Evgenii Petelin is a new doctoral student at IMES. He will be studying the relation between circular economy and geopolitics, as part of the Mistra Geopolitics project. Get to know him through three quick questions:
What brings you to IMES?
IMES publications on energy security issues caught my attention years ago. During my MSc program at the International Institute of Industrial Environmental Economics (IIIEE) at Lund University, I came across several new articles on industrial decarbonisation and circularity in steel production and plastics. And I’ve got curious. What attracts me the most is the creative inter-disciplinary environment at IMES.
What is your background?
My academic background is rooted in the study of international relations, Daniel Yergin books on the geopolitics of energy (e.g. 'The Prize', 'The Dependence Dilemma'), and China's energy security research. In 2015-2018, I was employed as an expert at the Institute for Energy Studies of the Higher School of Economics (Moscow, Russia). My research focused on China's energy system transformation, specifically its barriers, support mechanisms, roles and interests of diverse participants, and energy mix outlook. In 2020, I graduated from an MSc program at IIIEE. For my MSc thesis project, I employed an inductive qualitative research design to develop a facilitation strategy for industrial symbiosis in Bjuv (Skåne, Sweden). Through these years of experience, my research interests absorbed different aspects of geopolitics, energy security, and circular economy.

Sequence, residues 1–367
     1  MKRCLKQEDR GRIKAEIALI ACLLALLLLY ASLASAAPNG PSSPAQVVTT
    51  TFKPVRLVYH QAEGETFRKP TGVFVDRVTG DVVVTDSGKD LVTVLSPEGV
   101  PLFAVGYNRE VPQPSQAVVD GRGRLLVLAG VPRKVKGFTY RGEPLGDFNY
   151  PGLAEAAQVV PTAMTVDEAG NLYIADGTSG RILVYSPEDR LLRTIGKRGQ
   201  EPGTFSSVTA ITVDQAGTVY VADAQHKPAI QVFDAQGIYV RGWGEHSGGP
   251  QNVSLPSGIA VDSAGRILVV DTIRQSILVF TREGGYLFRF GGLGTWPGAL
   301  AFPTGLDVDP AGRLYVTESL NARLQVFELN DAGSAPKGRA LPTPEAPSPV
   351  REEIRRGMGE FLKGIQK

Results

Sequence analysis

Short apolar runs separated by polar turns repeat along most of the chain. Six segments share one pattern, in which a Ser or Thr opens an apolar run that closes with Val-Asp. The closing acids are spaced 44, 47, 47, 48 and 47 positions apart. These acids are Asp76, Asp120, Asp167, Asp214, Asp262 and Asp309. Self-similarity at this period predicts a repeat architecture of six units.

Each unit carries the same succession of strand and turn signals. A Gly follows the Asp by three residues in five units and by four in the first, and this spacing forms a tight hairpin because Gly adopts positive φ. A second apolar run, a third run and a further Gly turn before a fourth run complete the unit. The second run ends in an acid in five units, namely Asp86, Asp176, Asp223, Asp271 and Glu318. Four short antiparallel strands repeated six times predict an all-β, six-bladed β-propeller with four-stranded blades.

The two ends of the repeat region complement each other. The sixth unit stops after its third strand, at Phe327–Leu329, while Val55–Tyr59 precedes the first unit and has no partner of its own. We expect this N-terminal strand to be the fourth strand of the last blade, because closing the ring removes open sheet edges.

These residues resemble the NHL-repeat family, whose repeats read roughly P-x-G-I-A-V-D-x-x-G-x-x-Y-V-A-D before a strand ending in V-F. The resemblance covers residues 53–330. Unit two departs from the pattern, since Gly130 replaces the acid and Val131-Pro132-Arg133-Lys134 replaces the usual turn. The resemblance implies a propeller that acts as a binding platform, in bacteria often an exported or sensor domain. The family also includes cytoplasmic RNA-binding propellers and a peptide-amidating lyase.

What motivates you to work on geopolitics of circular economy?
Geopolitical concerns complicate the issue of low-carbon transition for many countries. In different cases, these concerns can support or hinder the development of the circular economy. I am curious to understand these interlinks and how they can help to formulate transition pathways.